How Long Do Moths Live?

how long do moths live

How long do moths live?

How long moths will live varies by species and when their eggs are laid. The common brown house moth’s life cycle on average takes 11-13 months depending on conditions but they will only spend 2 – 4 months of that as an adult moth.

The answer to how long do moths live can vary quite drastically from species to species. It also depends on whether you are including their entire lifecycle. The common brown house moth’s life cycle on average takes 11-13 months depending on conditions but they will only spend 2 – 4 months of that as a moth. In contrast, the sphinx moth will live for 2 – 3 months, whereas the silkworm moth once emerged will live for around a week. One of the shortest living moths is the yucca moth who will typically only survive for about 2 days after metamorphosis.

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According to the Lepidopterists’ Society one of the reasons that some moths have a much shorter lifespan than others, predominantly stems from them actually having no way to ingest food. Some moths emerge from their cocoons without mouths. They live out their entire moth existence on stored nutrients, with their sole mission of reproduction to ensure the next generation of moth.

Before they become moths they are larvae or moth caterpillars. That is when these shorter living moths store up their energy. The length of time that the moth lives in these earlier stages of development will depend on habitat, climate and weather conditions according to the Lepidopterists’ Society.

The Arctic woolly bear caterpillar can live for 14 years, feeding during the summer and freezing in the winter, finally thawing out in spring. Once they pupate and emerge as a moth they have only a few days to mate before they die.

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Adult Moth’s Total Life Span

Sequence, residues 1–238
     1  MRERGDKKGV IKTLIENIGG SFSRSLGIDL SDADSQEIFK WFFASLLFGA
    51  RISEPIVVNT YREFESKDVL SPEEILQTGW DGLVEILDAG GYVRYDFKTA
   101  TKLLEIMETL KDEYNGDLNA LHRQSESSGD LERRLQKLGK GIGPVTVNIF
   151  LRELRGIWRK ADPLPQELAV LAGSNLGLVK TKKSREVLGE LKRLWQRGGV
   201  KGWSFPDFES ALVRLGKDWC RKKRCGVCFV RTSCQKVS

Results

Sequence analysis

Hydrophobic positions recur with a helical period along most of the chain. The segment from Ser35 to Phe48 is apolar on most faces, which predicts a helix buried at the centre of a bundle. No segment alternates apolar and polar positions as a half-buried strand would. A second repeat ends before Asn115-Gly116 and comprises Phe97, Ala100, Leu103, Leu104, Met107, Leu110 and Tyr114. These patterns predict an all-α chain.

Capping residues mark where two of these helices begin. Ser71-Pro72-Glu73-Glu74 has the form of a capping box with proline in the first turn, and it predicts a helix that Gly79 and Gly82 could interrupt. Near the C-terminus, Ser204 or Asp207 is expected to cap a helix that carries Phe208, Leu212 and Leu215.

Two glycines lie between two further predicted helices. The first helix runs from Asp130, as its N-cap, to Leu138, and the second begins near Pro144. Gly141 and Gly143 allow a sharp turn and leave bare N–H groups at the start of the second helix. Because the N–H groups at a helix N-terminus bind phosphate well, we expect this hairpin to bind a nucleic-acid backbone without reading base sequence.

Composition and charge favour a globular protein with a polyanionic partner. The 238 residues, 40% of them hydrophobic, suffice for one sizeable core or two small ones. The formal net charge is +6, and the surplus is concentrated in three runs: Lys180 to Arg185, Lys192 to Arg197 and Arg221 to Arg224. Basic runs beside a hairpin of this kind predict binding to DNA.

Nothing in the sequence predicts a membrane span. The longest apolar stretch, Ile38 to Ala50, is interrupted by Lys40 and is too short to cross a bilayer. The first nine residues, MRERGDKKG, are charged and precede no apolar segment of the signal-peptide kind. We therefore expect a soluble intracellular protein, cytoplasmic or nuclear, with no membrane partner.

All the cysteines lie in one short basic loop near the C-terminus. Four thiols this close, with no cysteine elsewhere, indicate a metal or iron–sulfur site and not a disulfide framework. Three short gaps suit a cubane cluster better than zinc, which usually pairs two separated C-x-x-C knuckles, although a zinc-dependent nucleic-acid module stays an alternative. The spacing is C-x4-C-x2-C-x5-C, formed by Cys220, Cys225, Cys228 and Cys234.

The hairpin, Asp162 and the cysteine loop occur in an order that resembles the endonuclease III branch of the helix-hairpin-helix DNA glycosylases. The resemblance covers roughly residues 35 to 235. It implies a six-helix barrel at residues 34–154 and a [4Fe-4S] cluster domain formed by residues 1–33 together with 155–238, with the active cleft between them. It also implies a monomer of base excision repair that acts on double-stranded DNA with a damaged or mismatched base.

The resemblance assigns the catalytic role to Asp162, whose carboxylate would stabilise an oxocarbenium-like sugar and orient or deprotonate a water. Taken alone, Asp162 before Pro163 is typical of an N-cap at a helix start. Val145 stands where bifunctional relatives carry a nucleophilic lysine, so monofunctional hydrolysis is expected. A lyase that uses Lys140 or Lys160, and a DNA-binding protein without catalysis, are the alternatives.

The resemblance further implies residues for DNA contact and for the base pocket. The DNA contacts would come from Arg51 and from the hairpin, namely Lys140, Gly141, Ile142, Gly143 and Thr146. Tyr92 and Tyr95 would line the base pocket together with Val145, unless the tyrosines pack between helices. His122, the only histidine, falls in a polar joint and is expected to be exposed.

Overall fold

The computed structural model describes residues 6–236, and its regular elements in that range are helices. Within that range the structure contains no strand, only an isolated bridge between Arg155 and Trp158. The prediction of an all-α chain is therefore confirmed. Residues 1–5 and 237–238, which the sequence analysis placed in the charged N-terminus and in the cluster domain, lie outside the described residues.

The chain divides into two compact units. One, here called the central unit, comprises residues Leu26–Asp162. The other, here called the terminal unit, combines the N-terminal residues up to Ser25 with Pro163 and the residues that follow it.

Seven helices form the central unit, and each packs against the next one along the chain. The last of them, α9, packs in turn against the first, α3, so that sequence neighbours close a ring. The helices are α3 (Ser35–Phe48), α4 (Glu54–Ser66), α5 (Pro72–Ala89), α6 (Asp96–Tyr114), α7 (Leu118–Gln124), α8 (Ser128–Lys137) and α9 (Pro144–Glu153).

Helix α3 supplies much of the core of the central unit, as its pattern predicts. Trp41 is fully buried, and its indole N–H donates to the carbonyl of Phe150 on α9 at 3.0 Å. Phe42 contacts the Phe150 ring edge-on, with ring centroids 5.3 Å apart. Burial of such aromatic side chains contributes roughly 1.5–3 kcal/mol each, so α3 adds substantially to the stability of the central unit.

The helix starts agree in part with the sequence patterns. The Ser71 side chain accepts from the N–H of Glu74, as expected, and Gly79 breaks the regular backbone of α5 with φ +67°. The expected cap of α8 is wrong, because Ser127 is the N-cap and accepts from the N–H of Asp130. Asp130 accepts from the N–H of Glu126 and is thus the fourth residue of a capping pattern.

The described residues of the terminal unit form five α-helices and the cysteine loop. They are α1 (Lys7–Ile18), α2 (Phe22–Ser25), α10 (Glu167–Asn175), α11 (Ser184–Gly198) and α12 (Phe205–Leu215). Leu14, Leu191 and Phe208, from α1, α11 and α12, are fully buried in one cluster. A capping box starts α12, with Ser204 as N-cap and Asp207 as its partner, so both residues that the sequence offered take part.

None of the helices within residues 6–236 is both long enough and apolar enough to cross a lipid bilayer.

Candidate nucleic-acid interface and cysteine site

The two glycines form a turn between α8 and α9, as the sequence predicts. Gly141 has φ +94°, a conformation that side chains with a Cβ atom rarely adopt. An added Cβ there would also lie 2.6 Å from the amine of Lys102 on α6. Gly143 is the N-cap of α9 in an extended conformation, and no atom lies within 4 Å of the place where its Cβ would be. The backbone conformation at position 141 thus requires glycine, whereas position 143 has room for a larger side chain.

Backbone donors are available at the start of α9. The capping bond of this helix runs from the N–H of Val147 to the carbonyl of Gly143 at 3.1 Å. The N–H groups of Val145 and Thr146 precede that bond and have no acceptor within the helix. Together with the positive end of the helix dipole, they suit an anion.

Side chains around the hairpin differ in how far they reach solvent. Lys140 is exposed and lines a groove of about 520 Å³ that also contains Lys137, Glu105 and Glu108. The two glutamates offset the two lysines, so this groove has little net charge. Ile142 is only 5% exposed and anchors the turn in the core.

As we touched on previously the total lifespan really should include the time that they spend in the larval and pupal stages, as well as in their final adult moth stage. Ultimately their lifespan is based around the number of flights that they will have. A flight is a new generation of adults. So for instance, if a particular species has “two flights from May through September it typically means that one generation will move out of the pupal stage in spring and a second batch will emerge in the summer. The time of the moth’s emergence will typically depend on latitude. The total lifespan of these two separate generations will vary quite differently depending on their chosen strategy for the winter.

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So if the spring flight resulted from the eggs that had been laid in the fall by last summer’s flight, then the total lifespan for the spring flight would be 10-11 months. Whereas eggs laid in May by those adults will develop much quicker because of the higher temperatures. This new flight will emerge after about 2-3 months which means their total life span will only be 3-4 months. The exception to this rule is when adult moths over winter, this means the spring flight will emerge from eggs laid in spring and as such the summer flight will be the longest living moths.

Not all species of moth will have two flights a year. Some will have only one flight, or a total life span of around a year. There are even some arctic butterflies that supposedly have a two-year cycle as a result of the growing conditions and the scarcity of food whilst in the larval stage. There are even dessert species that have a life cycle of a year but can hibernate up to 7 years in the larval or pupal stage just waiting for enough rainfall to grow the host plant.

Life Cycle Of The Moth

We’re sure that at this point you know that moths do not start out as moths. Their lifecycle involves various stages that they must go through. From egg to larva (also known as a moth caterpillar), next into the pupa stage, and lastly emerging as an adult moth. Each of the stages is highly critical for the growth and development of what will become a fully grown adult moth. Each stage differs from the next, so let’s take a look at these stages now.

Stage 1: Embryonic Stage – The Egg

This embryonic stage is the first stage of the moth’s life cycle. This is the stage when the embryo will develop inside the egg. This is not too dissimilar to how a bird or fish embryo develops inside their eggs. All of this begins once a male and female moth pair mate. There is a highly complicated and pretty intense mating ritual that they will go through, ending with the fertilising of the eggs inside the female moth.

The female moth will then find a suitable spot to lay her eggs. The best spots tend to have a large amount of plant matter. The plants will provide a quality food source for the larvae or moth caterpillars upon hatching,